James Burke was originally a news reader for the BBC who went on to write a series of very interesting books/TV programmes (heck he is British). I both read and watched the "Connections" and "Connections II" (and there is a third one whose title escapes me) books and shows many years ago.

They are older so the CGI and FX are not what you could see today, but the information and linkages in the material is really very good. Not fiction, but facts and presented in rather unique ways.

I strongly reco
Mar 12, 2016 Garth rated it it was amazing  ·  review of another edition
This review has been hidden because it contains spoilers. To view it, click here.
Jul 26, 2015 Jim rated it liked it  ·  review of another edition
This is a $1.50 used book I picked up at the Library published in1978. The author has a gimmick he uses to trace the development of technology by starting with one invention and moving forward in time through related inventions or people, often ending up in an entirely different area. For example the history of weapons and armies runs from expensive trained horse mounted knights with armies numbered in a few thousands to untrained infantry with firearms numbered in many tens of thousands. The ne ...more
Feb 08, 2014 T.J. rated it liked it  ·  review of another edition
Shelves: non-fiction
First, I must recommend any television program associated with James Burke, especially Connections 2, which is the reason I checked this book of my library in the first place.

This book, inspired by the original 1970s Connection program, really is like reading a complete history of everything, though its aim is little more narrowed down: how change happens. The kind of changes he details are incredible--political, cultural, technological, scientific. And what is really eye-opening is how all thes
Tim Williams
Jan 31, 2012 Tim Williams rated it it was amazing  ·  review of another edition
Based on the truly genius series shown on PBS in the US. I grew up with this and loved it from the initial showing. I still go back and watch it probably once a year as an adult. The book aligns with the first series and is just as great. In regards to the series, the second 'season' was not nearly as good. The third was better but still not quite as good as the first.

If you liked the TV series, the book is more of the same - brilliant.
Artur Coelho
Feb 23, 2016 Artur Coelho rated it it was amazing  ·  review of another edition
Uma coisa é afirmar que isto anda tudo ligado, insinuando os padrões inusitados e as interligações inesperadas que detectamos na nossa herança cultural. Outra é realmente prová-lo, pegando na história da ciência e tecnologia para nos mostrar os caminhos sinuosos e inusitados que nos levaram ao mundo contemporâneo. algo que James Burke sempre fez com enorme mestria, levando-nos em viagens do presente ao passado até ao regresso ao presente, mostrando que caminhos as tecnologias que hoje nos deslum ...more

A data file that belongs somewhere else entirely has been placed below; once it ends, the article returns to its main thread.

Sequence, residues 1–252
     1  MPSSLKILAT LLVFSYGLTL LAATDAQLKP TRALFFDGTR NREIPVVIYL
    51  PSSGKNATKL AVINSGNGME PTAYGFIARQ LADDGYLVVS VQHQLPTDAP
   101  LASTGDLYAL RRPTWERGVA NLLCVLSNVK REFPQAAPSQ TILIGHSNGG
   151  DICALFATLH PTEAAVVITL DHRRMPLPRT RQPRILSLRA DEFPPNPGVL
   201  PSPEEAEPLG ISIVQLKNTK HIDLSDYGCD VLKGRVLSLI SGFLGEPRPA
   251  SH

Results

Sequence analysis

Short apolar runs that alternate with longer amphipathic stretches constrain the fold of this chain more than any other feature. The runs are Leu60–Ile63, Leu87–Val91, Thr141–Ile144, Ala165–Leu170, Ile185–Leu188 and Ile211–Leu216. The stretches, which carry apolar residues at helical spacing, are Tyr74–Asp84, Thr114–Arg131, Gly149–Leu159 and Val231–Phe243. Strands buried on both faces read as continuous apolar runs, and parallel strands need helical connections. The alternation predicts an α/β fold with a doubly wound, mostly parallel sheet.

Feb 05, 2016 Dr.J.G. rated it really liked it  ·  review of another edition
Perhaps even before it was a television series this was a series of columns in a scientific journal with great popular appeal, and we were fans who later stuck on when the television series was available to us (being in some professions not only does not allow one time to watch television but also makes one being looked at askance if one so much as admitted to looking in the direction of a television, or thinking of buying one). Now it is a book, and I am sure there are dvds of the television se ...more
Jul 15, 2012 Laura rated it it was amazing  ·  review of another edition
If you are like me and want to know how something was invented, why it was invented, who invented it, where it came from etc etc etc this is the book for you. It takes you from the very beginning through current technology (I think the 1987's). there is also a PBS series on this which someday I am hoping to watch. Fascinating.
Great links from ancient history to ?odern times. Filled with litte kwon facts. The conections made by the author are his own
But intriging none the less. Certain facts certainly speak for themselves.
Jul 11, 2015 Chrisl rated it really liked it  ·  review of another edition
Shelves: history, 1970s, dew500s
Quite appreciated this historical science series, print and tv, and am enjoying Steven Johnson use of the same format with his How We Got to Now.
Definitely re-read material.
Nov 04, 2008 Jamon rated it really liked it  ·  review of another edition
Shelves: business
US News and World report interviewed some Business School professors on some of the greatest business books. A Dartmouth Professor recommended this book. The premise of the book is that innovations of the past built to innovations today. The author does not take into account dumb luck as much as a market need for innovation. This was a PBS series in the late 1970's. It was written in 1978 and I am told the book is out of print. It is a slow read, with so much detail and pictures. The book Talks ...more
Oct 18, 2012 Bruce rated it really liked it  ·  review of another edition